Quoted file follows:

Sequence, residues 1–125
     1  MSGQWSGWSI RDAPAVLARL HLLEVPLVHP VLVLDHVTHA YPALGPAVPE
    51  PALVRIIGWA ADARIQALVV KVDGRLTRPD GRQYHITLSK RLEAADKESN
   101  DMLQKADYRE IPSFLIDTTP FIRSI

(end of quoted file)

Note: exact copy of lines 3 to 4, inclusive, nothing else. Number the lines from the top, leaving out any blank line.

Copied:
    51  PALVRIIGWA ADARIQALVV KVDGRLTRPD GRQYHITLSK RLEAADKESN
   101  DMLQKADYRE IPSFLIDTTP FIRSI